That the Bones That Thou Hast Broken May Rejoice

Roy Gustafson on Shepherds Breaking Bones

David, once a shepherd, later king and psalmist, refers often to sheep and shepherding throughout his writings in Scripture.  They provide great insight on how the Lord deals with us.  In Psalm 51, verse 8, we have this statement in his Psalm of repentance after his affair with Bathsheba:

A person holding a sheep

Description automatically generated with low confidence"Make me to hear joy and gladness; that the bones which thou hast broken may rejoice."

The best explanation I have heard for this startling statement describes a practice where a shepherd deliberately breaks the leg of a persistently wayward sheep and then nurses it back to both health and a reformed manner of practice.  The sheep quickly forgets the source of the break but forever remembers the tender care of the shepherd, thereafter his close and faithful companion.  This explanation apparently first appeared in a book by Robert Boyd Munger, published in 1955 and called, “What Jesus Said”.  The quote lifted from this resource is as follows:

“A Foreigner traveling in Syria who became acquainted with a shepherd. Each morning he noticed the shepherd taking food to a sheep that had a broken leg. As he looked at the animal, he asked the shepherd, “How did the sheep break its leg? Did it meet with an accident, fall into a hole, or did some animal break its leg?”

“No,” said the shepherd, “I broke this sheep’s leg myself.”

“You broke it yourself?” queried the surprised traveler.

“Yes, you see, this is a wayward sheep; it would not stay with the flock, but would lead the sheep astray. Then it would not let me near it so I had to break the sheep’s leg so that it would allow me, day by day to feed it. In doing this it will get to know me as its shepherd, trust me as its guide, and keep with the flock.”

This illustration has been used by many preachers including John MacArthur ( and Chuck Swindoll (  I heard it repeatedly from Bill Gothard in his many seminars in the 1970s and 1980s.  It focuses us on the “goodness and severity of God” (Romans 11:22), how He will at times severely crush us in a manner that feels like cruel torture.  Yet it is in fact His loving correction, designed to teach us - stupid sheep - that straying is dangerous, and that we can and must trust the Shepherd that loves us.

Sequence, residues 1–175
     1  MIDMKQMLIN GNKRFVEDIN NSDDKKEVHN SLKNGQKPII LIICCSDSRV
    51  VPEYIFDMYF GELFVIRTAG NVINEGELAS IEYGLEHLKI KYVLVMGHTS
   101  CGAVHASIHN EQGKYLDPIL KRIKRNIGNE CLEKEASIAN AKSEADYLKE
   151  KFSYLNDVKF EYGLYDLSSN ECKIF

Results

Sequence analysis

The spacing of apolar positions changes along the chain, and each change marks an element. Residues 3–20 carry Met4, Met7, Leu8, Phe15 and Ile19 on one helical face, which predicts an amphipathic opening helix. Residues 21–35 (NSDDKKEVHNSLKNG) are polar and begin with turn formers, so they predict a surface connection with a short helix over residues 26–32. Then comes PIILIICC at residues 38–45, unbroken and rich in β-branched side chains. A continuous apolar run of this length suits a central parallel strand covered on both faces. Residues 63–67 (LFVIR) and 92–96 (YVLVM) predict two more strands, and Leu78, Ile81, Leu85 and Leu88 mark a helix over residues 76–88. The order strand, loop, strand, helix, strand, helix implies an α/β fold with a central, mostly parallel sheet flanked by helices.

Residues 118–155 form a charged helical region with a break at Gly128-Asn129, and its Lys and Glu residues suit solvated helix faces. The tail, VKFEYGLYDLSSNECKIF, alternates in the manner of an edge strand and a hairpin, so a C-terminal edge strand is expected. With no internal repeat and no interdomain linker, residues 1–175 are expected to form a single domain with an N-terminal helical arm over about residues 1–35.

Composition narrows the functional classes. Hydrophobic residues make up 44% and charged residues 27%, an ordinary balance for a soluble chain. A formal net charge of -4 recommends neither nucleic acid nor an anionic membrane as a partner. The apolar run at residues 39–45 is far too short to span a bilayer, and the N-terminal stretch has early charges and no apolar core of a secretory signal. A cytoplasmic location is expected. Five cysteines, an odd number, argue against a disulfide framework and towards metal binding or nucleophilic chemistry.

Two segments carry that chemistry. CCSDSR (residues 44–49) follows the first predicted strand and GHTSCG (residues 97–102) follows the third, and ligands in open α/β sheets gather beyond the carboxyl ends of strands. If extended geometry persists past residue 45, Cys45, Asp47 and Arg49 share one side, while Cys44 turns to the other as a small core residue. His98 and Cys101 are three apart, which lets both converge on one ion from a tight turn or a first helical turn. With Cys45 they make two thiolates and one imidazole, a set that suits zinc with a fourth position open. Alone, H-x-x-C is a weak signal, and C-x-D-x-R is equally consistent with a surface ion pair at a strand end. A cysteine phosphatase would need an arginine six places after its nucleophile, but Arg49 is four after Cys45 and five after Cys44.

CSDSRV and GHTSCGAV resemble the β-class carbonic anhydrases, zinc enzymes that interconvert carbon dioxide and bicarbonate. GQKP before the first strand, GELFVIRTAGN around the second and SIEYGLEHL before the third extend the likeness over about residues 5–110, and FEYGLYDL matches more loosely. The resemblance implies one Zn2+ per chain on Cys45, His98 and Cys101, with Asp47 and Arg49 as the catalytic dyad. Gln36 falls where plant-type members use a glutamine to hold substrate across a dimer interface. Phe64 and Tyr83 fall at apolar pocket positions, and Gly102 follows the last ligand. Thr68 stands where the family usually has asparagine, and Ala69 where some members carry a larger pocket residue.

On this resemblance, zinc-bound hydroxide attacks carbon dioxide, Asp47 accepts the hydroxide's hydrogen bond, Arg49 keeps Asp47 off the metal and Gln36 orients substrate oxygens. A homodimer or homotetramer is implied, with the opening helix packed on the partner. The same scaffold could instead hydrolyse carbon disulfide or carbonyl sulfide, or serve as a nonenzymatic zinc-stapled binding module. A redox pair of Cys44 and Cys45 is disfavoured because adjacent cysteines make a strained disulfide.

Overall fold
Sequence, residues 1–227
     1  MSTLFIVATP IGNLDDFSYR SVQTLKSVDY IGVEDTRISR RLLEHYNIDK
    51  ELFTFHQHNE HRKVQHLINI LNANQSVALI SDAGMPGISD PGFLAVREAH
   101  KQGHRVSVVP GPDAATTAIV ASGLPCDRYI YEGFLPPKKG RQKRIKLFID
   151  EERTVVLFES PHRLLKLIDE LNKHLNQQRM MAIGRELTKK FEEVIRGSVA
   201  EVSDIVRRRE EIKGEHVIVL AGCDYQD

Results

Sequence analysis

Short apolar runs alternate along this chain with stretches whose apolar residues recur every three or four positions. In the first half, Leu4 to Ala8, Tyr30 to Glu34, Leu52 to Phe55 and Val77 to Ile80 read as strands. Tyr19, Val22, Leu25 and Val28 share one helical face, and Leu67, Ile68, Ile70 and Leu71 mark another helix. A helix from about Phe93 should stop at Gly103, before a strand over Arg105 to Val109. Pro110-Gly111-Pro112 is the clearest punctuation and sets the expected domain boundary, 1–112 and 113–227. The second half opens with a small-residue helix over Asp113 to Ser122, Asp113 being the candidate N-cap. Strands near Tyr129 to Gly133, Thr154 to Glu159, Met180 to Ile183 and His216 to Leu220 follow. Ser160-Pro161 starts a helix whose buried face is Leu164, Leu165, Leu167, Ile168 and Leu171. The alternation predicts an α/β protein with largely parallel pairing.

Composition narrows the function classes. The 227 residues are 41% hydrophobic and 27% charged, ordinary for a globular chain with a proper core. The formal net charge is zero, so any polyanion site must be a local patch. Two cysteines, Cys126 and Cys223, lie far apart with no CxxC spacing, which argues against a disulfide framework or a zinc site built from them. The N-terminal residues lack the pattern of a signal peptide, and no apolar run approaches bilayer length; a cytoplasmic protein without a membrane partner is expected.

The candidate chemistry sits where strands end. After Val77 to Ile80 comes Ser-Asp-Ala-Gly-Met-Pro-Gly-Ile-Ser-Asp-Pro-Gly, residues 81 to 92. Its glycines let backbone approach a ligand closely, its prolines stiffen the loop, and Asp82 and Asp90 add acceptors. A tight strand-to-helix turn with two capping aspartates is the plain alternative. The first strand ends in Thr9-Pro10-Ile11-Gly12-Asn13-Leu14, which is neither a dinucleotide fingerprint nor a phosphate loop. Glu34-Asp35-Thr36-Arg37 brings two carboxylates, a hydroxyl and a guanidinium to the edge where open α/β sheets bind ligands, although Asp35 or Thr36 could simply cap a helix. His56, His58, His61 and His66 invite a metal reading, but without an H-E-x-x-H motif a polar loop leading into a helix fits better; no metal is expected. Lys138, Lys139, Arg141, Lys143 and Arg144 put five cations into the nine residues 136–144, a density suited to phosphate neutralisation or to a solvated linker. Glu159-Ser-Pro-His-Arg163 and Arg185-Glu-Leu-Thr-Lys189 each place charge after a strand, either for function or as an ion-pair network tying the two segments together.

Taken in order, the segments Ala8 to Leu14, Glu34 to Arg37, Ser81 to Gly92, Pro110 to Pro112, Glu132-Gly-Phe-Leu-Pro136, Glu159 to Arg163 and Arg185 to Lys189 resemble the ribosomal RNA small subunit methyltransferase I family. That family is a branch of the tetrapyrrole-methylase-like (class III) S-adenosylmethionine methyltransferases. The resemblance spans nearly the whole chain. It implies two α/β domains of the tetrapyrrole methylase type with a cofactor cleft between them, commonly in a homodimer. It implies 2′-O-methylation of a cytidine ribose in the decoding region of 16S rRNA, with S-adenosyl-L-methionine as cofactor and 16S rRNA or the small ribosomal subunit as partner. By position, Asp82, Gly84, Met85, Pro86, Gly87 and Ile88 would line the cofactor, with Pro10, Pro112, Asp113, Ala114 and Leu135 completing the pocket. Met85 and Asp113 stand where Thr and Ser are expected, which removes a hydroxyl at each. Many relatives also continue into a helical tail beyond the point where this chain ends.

Such notions have, along with many other rejections of Scriptural teaching and our Christian heritage, come under persistent savage attack in recent years.  God, like Santa Claus, is to be endlessly kind and loving toward us, always accepting and never mean.  Many are now declaring that the God they worship would never cast a person into eternal hell, and that He would certainly never hit us hard enough “break our bones”. 

If you search the internet as I did for validation of this shepherding practice you will find an overwhelming cry against it: “myth”, “apocryphal”, “moronic”.  Folks claiming to know everything there is to know about sheep declare it to be false.  How modern sheep farmers become experts on the practices of poor middle eastern Bedouin shepherds let alone shepherds in Bible times is a mystery to me.  Their confidence appears to derive from their inability to conceive Text

Description automatically generatedof any situation that could ever call for such extreme measures.  That is an opinion based on restricted knowledge, and sometimes prejudice, yet their attestations have been bolstered by an apparent lack of a verified source in support.  Until now.

Being greatly blessed by this illustration throughout my life I purposed recently to find some backing for it if it was at all possible.  And, lo and behold, the crumbs left on the internet brought me to a very excellent modern account from a verified source.  I had seen several references to Roy Gustafson, a man associated with Billy Graham, and his book allegedly called “In His Hand”.  Further sleuthing brought me to the actual book which was in fact called, “In His Land Seeing is Believing”.  I had to order it from Amazon and it arrived this week. 

Roy’s credentials and accolades are given on the back cover: